Governments and financial institutions should forge partnerships required to stimulate growth of green businesses through access to affordable credit, technologies and capacity development, a senior United Nations Environment Programme (UNEP) official said on Wednesday.
Satya Tripathi, head of New York office at UNEP, said that access to capital was key to boosting growth of green enterprises that had been unleashing benefits to the environment and local communities.
“We appreciate partnership with the financial sector to help green the economies and unlock multiple benefits like poverty reduction, job creation and economic diversification,” said Tripathi.
He spoke at a roundtable on transitioning to green economy held at the ongoing fourth session of the UN Environment Assembly (UNEA) in Nairobi.
Tripathi revealed that a joint initiative between UNEP and the EU that aimed to promote access to finance among local start-ups in developing world had transformed rural livelihoods.
He said the Switch to Green Initiative had already benefited more than 3,000 small and medium sized enterprises (SMEs) in six African countries that included Kenya, Uganda, Mauritius, Ghana, Burkina Faso and South Africa.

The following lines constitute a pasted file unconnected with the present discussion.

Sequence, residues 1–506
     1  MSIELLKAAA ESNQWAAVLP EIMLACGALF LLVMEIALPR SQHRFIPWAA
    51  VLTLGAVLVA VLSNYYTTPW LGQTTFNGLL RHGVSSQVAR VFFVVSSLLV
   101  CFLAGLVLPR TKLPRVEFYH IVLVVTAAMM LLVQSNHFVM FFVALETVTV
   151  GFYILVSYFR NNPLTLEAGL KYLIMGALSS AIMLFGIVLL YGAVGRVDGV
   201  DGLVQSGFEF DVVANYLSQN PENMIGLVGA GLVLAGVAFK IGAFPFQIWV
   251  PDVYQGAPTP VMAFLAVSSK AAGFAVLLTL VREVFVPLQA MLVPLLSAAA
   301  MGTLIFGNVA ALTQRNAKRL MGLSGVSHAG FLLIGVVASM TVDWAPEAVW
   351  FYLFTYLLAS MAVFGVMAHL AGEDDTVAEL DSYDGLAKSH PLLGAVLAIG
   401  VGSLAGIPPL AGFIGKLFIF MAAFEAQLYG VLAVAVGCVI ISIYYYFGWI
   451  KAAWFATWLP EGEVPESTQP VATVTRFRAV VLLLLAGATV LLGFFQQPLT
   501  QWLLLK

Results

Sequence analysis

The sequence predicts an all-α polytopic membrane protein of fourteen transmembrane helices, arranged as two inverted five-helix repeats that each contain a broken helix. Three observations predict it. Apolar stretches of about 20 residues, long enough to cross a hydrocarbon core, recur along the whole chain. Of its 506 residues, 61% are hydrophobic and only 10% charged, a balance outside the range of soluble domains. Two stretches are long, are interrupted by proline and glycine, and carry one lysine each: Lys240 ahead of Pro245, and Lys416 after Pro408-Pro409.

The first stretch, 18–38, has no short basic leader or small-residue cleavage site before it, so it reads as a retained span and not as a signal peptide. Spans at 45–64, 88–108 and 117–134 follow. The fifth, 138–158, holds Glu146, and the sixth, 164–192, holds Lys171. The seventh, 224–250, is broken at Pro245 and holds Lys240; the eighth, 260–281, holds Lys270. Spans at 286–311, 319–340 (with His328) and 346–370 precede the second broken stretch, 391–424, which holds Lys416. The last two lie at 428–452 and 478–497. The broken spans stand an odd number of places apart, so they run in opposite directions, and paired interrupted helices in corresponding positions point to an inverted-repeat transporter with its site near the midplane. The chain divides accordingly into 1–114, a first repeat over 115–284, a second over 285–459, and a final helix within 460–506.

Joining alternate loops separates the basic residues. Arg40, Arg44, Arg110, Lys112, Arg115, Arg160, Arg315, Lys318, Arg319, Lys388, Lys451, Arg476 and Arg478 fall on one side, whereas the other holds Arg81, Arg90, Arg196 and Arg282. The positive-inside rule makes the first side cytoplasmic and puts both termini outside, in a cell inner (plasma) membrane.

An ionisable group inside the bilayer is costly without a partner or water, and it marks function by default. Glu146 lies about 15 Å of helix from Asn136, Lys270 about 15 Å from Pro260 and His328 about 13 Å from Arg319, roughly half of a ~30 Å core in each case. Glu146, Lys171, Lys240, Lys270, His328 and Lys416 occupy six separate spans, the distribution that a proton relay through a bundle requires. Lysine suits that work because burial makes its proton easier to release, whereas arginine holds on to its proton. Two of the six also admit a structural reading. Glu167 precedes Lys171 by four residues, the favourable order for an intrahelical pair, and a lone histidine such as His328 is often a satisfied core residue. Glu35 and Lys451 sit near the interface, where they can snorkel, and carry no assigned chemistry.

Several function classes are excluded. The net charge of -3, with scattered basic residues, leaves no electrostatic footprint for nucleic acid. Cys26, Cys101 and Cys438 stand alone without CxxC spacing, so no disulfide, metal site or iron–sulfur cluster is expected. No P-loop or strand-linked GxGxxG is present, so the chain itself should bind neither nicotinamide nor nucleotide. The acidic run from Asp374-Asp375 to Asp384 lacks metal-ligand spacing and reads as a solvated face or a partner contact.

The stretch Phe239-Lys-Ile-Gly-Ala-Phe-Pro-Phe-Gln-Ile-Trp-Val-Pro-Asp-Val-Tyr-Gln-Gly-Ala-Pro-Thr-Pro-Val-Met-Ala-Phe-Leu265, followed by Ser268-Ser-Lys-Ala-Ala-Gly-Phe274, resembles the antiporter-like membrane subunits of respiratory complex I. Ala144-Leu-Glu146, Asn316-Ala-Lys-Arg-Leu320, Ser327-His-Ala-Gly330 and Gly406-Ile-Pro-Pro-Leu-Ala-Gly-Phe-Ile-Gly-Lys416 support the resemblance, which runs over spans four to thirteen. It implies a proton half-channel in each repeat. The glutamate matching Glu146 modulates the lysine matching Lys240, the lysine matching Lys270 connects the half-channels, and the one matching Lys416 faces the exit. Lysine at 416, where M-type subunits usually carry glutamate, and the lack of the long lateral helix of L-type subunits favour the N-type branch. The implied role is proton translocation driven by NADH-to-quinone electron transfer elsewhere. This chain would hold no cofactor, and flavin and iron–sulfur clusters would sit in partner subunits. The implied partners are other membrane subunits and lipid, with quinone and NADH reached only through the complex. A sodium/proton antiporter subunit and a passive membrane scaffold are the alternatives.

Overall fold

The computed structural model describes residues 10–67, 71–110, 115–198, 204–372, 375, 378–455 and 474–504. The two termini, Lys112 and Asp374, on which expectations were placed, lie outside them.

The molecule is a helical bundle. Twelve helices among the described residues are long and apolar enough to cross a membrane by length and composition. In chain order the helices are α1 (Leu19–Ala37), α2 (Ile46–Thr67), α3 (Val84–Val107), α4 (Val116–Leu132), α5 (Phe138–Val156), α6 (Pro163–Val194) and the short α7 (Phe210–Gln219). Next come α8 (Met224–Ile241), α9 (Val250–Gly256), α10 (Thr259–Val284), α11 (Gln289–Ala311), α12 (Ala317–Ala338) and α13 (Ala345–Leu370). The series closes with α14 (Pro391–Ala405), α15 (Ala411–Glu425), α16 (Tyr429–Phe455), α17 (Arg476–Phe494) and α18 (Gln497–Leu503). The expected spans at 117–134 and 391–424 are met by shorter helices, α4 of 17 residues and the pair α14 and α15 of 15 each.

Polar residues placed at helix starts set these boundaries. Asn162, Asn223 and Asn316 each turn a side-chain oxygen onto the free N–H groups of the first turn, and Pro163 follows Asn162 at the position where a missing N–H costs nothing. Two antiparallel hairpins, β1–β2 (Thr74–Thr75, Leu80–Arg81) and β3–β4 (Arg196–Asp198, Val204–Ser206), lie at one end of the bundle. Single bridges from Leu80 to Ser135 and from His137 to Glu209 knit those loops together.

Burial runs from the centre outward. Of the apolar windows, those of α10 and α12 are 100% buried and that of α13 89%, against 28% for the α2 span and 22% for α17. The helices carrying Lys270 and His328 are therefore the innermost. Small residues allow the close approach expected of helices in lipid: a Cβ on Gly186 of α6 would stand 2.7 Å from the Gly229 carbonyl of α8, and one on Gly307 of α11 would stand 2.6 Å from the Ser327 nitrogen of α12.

“The Switch to Green is a strategic vehicle that is driving ecological transformation and economic growth in developing countries,” said Tripathi.
Marjeta Jager, deputy director general for International Cooperation and Development of the European Commission, said that access to green financing was key to promoting green entrepreneurship required to reduce global carbon footprint.
“Green enterprises should leverage on innovative financing schemes to scale up their projects and hasten the switch to low carbon economic development,” Marjeta remarked.
She disclosed that the Switch to Green Initiative that was being implemented in 39 countries worldwide had contributed to the adoption of sustainable production and consumption practices by 100,000 SMEs while sustaining 350,000 jobs. Enditem